A Ruddy Morning

Participating in the January waterfowl count at South Platte Park this morning, I was fortunate to be placed in the Reservoir group, offering me another opportunity to observe the yellow-billed loon that has been wintering in Littleton.  While the temperature was mild, a strong south wind produced a choppy surface across the partly-frozen reservoir and an uncomfortable wind-chill on the levee.

A host of diving ducks joined the celebrity loon, including lesser scaup, buffleheads and common goldeneyes.  But the highlight of our count was a large number of ruddy ducks, small, stiff-tailed divers that are primarily winter residents along the Front Range.  After breeding in the prairie pothole country of the northern Great Plains and Western Canada, ruddies head for large rivers, lakes reservoirs and coastal estuaries across the southern U.S. and the Pacific Northwest.  There they are often seen in large rafts, bobbing in the waves and waiting for dawn or dusk when they tend to be most active.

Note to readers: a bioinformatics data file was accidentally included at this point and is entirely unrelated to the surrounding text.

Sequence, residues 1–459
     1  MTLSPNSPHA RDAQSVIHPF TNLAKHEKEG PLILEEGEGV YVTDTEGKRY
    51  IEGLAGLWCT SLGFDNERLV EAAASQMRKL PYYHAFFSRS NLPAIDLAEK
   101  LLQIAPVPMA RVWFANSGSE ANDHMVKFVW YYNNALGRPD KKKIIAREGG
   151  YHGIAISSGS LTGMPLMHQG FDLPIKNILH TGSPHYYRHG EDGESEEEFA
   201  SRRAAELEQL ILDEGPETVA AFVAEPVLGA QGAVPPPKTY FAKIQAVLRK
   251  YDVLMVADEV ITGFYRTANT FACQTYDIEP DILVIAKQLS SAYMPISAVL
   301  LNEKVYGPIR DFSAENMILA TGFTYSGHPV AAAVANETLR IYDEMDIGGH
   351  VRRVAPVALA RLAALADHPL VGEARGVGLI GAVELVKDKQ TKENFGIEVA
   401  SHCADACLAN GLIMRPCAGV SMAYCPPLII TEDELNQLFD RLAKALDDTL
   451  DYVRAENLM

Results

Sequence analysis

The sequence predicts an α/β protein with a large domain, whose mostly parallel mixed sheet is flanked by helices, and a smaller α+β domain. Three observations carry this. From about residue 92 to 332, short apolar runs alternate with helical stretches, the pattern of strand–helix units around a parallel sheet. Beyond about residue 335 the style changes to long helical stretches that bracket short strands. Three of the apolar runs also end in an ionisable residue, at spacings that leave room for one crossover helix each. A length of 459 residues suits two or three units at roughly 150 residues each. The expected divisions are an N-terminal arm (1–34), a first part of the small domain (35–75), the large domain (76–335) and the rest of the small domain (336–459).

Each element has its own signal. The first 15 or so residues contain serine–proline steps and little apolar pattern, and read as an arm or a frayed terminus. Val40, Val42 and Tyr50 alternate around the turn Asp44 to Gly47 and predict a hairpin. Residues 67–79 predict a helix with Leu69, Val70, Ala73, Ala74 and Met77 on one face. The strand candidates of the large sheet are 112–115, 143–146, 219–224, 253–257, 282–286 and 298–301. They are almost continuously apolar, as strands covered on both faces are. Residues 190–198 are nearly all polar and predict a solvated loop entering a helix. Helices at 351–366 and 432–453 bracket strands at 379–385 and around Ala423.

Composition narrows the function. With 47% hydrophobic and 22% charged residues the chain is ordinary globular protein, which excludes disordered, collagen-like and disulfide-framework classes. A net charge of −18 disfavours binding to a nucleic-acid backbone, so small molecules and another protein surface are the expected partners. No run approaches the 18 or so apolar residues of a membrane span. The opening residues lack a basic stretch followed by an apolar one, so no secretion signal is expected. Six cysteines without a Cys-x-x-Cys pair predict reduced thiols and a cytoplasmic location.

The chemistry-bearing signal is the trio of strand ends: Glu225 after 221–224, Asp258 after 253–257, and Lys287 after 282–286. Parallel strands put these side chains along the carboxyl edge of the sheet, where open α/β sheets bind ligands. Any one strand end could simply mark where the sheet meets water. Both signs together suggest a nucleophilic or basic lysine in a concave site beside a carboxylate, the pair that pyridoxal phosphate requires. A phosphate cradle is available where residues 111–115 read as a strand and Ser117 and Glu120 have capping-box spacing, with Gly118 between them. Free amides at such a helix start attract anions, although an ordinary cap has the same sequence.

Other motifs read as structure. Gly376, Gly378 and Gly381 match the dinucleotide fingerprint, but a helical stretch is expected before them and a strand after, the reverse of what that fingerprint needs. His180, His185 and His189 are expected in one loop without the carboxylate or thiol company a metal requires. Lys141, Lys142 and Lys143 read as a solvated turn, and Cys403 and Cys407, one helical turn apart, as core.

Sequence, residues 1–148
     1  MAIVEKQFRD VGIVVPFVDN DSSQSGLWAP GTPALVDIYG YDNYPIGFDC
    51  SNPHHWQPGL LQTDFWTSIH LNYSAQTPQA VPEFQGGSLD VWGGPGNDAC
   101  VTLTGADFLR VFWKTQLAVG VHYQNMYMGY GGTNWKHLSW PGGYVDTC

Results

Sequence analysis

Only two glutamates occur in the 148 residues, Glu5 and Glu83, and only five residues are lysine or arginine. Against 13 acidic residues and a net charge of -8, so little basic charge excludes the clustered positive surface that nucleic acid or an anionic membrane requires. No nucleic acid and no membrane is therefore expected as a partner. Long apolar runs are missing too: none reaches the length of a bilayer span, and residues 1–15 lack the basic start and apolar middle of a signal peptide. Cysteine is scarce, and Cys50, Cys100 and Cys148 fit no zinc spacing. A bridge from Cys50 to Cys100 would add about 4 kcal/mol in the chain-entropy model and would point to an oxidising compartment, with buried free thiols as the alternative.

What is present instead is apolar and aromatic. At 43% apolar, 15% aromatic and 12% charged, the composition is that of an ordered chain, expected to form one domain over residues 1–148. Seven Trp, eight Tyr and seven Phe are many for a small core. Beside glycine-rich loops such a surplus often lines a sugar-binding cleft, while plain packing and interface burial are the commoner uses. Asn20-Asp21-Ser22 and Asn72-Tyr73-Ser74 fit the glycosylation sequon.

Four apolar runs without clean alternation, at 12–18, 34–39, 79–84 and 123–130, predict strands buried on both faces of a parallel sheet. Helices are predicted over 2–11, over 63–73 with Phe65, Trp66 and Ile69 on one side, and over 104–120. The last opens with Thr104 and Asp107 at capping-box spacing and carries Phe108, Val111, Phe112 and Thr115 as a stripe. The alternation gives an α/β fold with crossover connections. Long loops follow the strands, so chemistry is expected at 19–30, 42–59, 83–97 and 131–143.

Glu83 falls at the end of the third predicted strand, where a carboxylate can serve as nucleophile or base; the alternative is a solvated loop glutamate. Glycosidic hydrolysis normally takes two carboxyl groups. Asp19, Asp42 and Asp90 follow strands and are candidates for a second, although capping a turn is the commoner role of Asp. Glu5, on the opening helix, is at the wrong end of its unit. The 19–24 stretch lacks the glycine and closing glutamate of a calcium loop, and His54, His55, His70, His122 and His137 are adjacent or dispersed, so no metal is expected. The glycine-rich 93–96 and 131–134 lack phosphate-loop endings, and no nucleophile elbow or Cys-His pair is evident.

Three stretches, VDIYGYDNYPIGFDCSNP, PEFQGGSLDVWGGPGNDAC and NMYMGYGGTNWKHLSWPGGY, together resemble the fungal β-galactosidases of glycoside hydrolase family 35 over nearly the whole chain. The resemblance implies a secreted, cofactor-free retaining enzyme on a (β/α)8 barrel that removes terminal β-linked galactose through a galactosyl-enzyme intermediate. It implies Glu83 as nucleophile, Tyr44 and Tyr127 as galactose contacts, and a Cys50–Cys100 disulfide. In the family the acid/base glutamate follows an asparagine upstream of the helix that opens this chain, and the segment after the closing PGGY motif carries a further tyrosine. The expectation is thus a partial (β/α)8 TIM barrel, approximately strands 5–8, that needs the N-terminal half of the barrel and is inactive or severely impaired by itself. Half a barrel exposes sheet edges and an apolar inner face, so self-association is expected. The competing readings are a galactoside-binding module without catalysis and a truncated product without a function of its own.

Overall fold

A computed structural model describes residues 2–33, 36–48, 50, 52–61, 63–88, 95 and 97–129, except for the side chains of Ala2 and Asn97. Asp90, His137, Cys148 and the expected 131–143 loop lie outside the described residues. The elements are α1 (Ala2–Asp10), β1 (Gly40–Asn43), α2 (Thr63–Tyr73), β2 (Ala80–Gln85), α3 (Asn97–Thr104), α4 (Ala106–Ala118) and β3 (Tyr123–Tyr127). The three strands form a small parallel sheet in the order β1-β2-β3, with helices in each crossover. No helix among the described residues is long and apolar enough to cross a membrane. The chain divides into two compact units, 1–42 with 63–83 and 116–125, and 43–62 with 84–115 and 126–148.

Ruddy ducks dive to feed on both aquatic invertebrates and aquatic plants.  Despite their small size and comical appearance, they are aggressive and territorial during the breeding season and produce rather precocious youngsters that are independent within a couple weeks.  Though abundant in some coastal regions during the winter months, ruddies are always a welcome sight when they join more common waterfowl species on inland lakes and reservoirs.